Osamu Tezuka has often been called the Walt Disney of Japan, but he was far more than that. Tezuka was Disney, Stan Lee, Alan Moore, Tim Burton and Carl Sagan, all rolled into one incredibly prolific package and he changed the face of Japanese culture forever. This lavishly packaged book reveals what made a shy doctor one of the key figures of 20th Century pop culture. Packed with stunning, never-before-seen images, it tells the story of Tezukas amazingly prolific life, and connects it to his manga and anime work. Tezuka created hundreds of characters, many known worldwide, drew over 150,000 pages of art and scripted dozens of movies; he created graphic biographies of Jesus, and the Buddha yet a huge amount remains untranslated into English. The book is accompanied by a DVD with a fly-on-the-wall documentary, The Secrets of Creation, made in 1986 and never before translated or shown in the West.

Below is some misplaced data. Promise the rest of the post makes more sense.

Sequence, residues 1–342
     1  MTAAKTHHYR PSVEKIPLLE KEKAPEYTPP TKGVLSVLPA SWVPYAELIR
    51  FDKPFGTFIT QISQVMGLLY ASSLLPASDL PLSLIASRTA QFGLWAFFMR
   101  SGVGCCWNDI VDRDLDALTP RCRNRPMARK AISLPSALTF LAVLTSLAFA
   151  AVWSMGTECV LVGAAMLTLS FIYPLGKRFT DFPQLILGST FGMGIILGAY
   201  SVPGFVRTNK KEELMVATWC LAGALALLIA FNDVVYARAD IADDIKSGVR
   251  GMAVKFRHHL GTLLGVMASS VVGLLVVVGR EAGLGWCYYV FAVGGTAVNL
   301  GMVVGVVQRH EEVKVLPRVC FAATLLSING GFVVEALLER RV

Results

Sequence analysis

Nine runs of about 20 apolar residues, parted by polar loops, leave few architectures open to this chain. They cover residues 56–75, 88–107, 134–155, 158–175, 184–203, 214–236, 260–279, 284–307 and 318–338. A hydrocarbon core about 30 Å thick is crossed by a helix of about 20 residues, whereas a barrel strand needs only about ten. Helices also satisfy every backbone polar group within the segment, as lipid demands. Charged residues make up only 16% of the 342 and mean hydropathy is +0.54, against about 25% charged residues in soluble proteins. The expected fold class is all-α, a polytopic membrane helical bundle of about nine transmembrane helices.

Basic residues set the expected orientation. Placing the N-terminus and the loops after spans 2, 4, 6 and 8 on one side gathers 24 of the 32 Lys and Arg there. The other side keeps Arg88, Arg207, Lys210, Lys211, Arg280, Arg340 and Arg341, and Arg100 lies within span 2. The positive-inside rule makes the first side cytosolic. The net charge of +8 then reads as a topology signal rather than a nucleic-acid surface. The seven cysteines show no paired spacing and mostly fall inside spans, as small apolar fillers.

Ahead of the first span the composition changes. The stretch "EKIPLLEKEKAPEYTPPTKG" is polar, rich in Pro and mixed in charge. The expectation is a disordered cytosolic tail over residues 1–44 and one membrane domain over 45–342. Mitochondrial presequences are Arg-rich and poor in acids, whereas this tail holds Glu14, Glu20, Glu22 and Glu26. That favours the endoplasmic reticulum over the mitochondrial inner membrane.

Helen McCarthy (1951- ) has been researching and writing about Japanese popular culture since 1981. After a decade hearing that there was "no interest in that sort of thing" she founded a magazine, Anime UK, to disprove the claim. Her first book was published just over a year later, and she's been writing about anime, manga and Japan ever since. Her work has been translated into Chinese, French, Italian and Korean.
In 2010 she won a Harvey Award - the Oscars of the comics world - for her tenth book, 'The Art of Osamu Tezuka: God of Manga'. The book was also nominated for an Eisner Award. Helen's other awards include a Japan Foundation Award for furthering understanding of Japanese culture in the United Kingdom.
She designs needlework and writes poetry. In her spare time, she studies and re-creates historic clothing and costume. She lives in London with an artist and a universe of toys.